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Win32_NetworkLoginProfile LastLogon - The results are incorrect in domain joined machines. RRS feed

  • General discussion

  • Greetings,

    I am in need of calculating the time taken from Ctrl + Alt + Del to the Desktop\Explorer.

    Based on multiple online posts, I have decided to use the Win32_NetworkLoginProfile and the property LastLogon - this works a treat on non-domain joined machines.

    However, the domain joined machines somehow brings inaccurate\incorrect (an old LastLogon entry for the user) results often.

    I would like to understand where Win32_NetworkLoginProfile pull data from. My assumption was that the data comes from the local machine that I am connecting to.

    A link to the WMI class
    https://msdn.microsoft.com/en-us/library/aa394221(v=vs.85).aspx

    The few lines I am running to achieve the mentioned. (Ignore the warnings for existing event log source)

    try{
        $Computer = hostname
        $LastLogon = $null
        $LastLogon = Get-WmiObject Win32_NetworkLoginProfile -ComputerName $Computer |
            Sort -Descending LastLogon |
            Select * -First 1 |
            ? {$_.LastLogon -match "(\d{14})"} |
                % {
                    New-Object PSObject -Property @{
                        Name=$_.Name ;
                        LastLogon=[datetime]::ParseExact($matches[0], "yyyyMMddHHmmss", $null)
                    }
                }
         $LogOnTime =  ((Get-Date).TimeOfDay.TotalSeconds) - $LastLogon.LastLogon.TimeOfDay.TotalSeconds
         $Message = "It has taken  " + (((Get-Date).TimeOfDay.TotalSeconds) - $LastLogon.LastLogon.TimeOfDay.TotalSeconds) + " seconds to load the Desktop from the time the credentials were entered by  " + $LastLogon.Name
         New-EventLog -Source "LogOnTime" -LogName Application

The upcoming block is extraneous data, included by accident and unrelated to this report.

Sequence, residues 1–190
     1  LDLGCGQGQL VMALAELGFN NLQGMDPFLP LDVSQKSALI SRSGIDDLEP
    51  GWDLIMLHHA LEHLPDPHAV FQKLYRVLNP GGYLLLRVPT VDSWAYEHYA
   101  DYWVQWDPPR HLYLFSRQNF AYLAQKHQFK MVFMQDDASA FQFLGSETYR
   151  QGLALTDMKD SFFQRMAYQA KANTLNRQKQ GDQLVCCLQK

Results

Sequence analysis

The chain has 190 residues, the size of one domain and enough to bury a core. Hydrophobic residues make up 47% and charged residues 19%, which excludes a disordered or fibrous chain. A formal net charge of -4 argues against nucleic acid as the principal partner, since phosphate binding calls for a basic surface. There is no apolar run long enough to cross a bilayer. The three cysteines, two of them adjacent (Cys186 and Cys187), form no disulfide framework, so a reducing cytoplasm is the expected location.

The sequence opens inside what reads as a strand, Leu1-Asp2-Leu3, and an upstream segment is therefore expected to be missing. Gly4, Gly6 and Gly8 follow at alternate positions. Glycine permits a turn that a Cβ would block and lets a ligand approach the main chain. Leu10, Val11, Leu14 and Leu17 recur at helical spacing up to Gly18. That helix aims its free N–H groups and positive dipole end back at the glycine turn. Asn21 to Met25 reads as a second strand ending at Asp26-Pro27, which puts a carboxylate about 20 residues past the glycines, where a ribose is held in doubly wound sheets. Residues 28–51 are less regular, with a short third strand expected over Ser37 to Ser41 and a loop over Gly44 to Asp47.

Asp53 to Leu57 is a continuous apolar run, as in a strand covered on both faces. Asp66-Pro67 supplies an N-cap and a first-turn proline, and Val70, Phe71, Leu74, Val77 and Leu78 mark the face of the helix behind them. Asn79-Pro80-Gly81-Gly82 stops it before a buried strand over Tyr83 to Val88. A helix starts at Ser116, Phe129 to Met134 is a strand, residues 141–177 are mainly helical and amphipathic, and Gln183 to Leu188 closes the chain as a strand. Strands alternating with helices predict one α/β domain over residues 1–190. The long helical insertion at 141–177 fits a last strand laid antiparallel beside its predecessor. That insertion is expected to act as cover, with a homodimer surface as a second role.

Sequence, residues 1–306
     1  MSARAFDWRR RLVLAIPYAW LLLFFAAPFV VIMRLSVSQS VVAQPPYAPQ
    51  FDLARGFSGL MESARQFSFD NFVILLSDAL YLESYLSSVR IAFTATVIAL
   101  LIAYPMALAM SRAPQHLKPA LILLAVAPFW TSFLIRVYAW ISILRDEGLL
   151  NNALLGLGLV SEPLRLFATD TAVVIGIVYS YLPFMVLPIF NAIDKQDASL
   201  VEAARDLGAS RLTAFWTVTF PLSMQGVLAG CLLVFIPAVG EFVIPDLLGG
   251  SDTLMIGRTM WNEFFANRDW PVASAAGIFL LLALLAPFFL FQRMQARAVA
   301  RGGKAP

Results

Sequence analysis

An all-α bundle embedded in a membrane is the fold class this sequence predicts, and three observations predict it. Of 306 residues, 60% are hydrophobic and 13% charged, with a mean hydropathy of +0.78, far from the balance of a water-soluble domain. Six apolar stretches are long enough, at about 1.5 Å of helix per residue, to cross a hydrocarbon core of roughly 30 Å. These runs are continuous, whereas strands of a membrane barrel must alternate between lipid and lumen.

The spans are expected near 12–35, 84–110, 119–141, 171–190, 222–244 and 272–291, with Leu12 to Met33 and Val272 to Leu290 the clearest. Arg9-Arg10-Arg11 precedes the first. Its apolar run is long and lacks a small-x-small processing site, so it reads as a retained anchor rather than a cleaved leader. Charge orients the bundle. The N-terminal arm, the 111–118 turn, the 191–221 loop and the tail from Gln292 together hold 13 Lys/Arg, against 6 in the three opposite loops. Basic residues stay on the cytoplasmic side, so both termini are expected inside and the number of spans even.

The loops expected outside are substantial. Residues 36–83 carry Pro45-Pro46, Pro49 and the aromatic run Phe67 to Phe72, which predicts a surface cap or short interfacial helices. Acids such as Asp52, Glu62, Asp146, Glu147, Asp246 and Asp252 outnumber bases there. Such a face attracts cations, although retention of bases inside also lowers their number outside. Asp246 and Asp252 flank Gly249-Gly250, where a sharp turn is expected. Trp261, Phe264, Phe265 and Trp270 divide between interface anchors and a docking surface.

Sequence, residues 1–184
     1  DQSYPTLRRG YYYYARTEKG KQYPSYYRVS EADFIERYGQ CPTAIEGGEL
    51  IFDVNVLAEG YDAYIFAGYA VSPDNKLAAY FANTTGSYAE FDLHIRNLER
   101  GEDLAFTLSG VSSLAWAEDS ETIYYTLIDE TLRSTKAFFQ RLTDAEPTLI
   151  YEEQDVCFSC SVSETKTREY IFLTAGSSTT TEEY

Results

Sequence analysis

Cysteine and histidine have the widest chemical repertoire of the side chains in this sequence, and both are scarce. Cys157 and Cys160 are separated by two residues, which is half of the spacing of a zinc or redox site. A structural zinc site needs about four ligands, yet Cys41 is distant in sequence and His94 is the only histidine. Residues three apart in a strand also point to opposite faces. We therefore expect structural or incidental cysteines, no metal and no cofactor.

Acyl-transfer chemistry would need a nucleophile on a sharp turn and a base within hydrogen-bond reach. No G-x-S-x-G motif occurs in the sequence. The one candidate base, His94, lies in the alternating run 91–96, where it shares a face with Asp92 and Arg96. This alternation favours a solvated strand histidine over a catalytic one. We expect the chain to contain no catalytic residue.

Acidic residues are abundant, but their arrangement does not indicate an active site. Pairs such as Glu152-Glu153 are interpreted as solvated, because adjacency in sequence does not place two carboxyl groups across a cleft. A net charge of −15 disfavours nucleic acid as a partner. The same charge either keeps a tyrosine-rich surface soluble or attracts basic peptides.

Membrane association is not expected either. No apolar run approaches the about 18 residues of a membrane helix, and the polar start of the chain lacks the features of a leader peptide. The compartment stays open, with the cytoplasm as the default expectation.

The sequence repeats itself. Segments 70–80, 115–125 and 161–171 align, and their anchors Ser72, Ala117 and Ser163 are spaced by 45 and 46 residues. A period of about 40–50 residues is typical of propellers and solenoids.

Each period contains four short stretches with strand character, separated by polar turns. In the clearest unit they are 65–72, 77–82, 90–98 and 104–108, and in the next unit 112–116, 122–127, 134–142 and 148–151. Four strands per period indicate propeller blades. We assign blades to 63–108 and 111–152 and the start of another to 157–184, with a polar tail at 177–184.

Write-EventLog -LogName Application -Source "LogOnTime" -EntryType Information -EventId 12345 -Message $Message
         }
    Catch
        {
        Write-EventLog -LogName Application -Source "LogOnTime" -EntryType Information -EventId 12345 -Message "Something went wrong!"
        }   

    Thanking you in advance.
    Wednesday, July 27, 2016 10:41 PM

All replies

  • How to correctly convert a WMI time to a WInodws time:

    $x=Get-WmiObject Win32_NetworkLoginProfile
    $x.ConvertToDateTime( $x.LastLogon)

    Steps 2.  No sweat,  Always accurate.


    \_(ツ)_/

    Wednesday, July 27, 2016 11:34 PM
  • Excellent, thanks for the tip.. but not sure if I got that right as I am getting an error as follows,

    PS H:\> $x=Get-WmiObject Win32_NetworkLoginProfile
    PS H:\> $x.ConvertToDateTime( $x.LastLogon)
    Exception calling "ConvertToDateTime" with "1" argument(s): "Exception calling "ToDateTime" with "1" argument(s):
    "Specified argument was out of the range of valid values.
    Parameter name: dmtfDate""
    At line:1 char:1
    + $x.ConvertToDateTime( $x.LastLogon)
    + ~~~~~~~~~~~~~~~~~~~~~~~~~~~~~~~~~~~
        + CategoryInfo          : NotSpecified: (:) [], MethodInvocationException